2006 pontiac gxp , check engine light is on codes po431, 430 cam sensor circuit, runs fine clear codes and returns in 2 days !
Congratulations! You have discovered that clearing codes without diagnosing and repairing the problem that caused the code only results in a repeat repair! You now know more than half of the "mechanics" out there.
OK, on a more serious note: First we have to get the codes straight or get the car straight...I'm pretty sure it is the code that is not correct....Code P0431 and/or P0430 are not valid codes for a 2006 Pontiac Gran Prix GXP. Those are evaporative emissions system codes that do not apply to your car. However, since you mentioned "cam sensor circuit", I will assume at this point that you meant to say P0341 and P0340....BIG DIFFERENCE!
The next problem is that although they are very similar, the troubleshooting charts are different depending on whether your GXP is equipped with a 3.8L engine or a 5.7L engine. If you want help with a problem like this it is REALLY IMPORTANT that we know what we are working on. Otherwise, you may get some VERY GOOD information that does not apply to your vehicle and the "expert" will probably be thought of as "incompetent" for giving you bogus advise. Then comes the bad ratings, and no testimonials, etc. and it wasn't the expert's fault he didn't have the correct information to work with!
It's just not FAIR!!!
For either engine, Diagnostic Trouble Code (DTC) P0341 is not necessarily a "Circuit" problem. Although it may be) This code is usually caused by mechanical failures - See the list below.
CONDITIONS FOR SETTING THE CODE
1. The PCM detects the following every 2 engine revolutions:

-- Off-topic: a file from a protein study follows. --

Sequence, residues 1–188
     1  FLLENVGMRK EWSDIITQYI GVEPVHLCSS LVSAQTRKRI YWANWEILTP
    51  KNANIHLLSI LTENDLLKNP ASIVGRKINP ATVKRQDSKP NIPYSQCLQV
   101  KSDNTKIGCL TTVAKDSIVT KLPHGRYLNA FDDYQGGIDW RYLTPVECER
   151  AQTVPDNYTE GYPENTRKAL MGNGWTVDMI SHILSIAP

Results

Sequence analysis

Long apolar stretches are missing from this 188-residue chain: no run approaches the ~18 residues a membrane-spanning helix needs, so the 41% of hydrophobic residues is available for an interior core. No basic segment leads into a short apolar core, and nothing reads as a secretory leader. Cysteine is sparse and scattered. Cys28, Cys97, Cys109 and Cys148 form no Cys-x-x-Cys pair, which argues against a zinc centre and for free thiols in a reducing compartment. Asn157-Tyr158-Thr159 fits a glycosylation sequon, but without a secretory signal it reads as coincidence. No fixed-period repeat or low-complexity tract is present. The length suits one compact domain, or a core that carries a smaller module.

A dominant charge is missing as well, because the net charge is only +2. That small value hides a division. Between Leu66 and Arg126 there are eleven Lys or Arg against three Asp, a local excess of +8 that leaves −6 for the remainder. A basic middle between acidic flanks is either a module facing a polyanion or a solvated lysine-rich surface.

. A. 36 medium resolution engine speed signals
. B. 6 low resolution engine speed signals
. C. More than 1 cam sensor signal (herein lies the problem - there should be only one)
2. The conditions in item #1 above are met for at least 4 consecutive seconds.
When the conditions above are met, the PCM sets a "Pending" code for the current drive cycle. On the second consecutive drive cycle that that the same conditions occur, the PCM will store a memory code and turn the Service Engine Soon or Check Engine light on. This explains why it takes a couple days for the light to come back on...It takes a minimum of 2 drive cycles to turn the light on. If it fails on this drive cycle, and not the next, the counter starts over. It could conceivably take weeks or even months for the thing to fail two times in a row if it is an intermittent problem.
If it is failing on a regular basis, the conditions (or causing symptoms) can be verified by using a lab scope and tracing the cam sensor signal and the medium or low resolution engine speed signal. Just count the pulses - if there is more than one cam sensor pulse for every 6 low resolution pulses or 36 medium resolution pulses, the problem has been verified. Now, to find the actual CAUSE so we can fix it.
The most common cause of this is miss-routed or bad ignition (spark plug) cables that are "spiking" the cam sensor circuit.
This code can also be caused by:
Camshaft reluctor ring damage
The cam sensor coming into contact with the reluctor ring
foreign material passing between the reluctor ring and the cam sensor.
Wear or damage to the timing chain, timing chan sprockets, or timing chain tensioner
Excessive camshaft end play
Now DTC P0340 is really the opposite problem.
If your car is setting both of these codes at the same time, you have a really erratic cam sensor signal that should be VERY easy to verify with a scope.
DTC P0340 sets under the same conditions except instead of having more than 1 cam sensor pulse, there are NONE.
This code is usually caused by the cam sensor itself, however it can also be caused by the circuits to the cam sensor. The integrity of the circuits should be verified before replacing te cam sensor for this code.
Apr 20, 2011 |
2006 Pontiac Grand Prix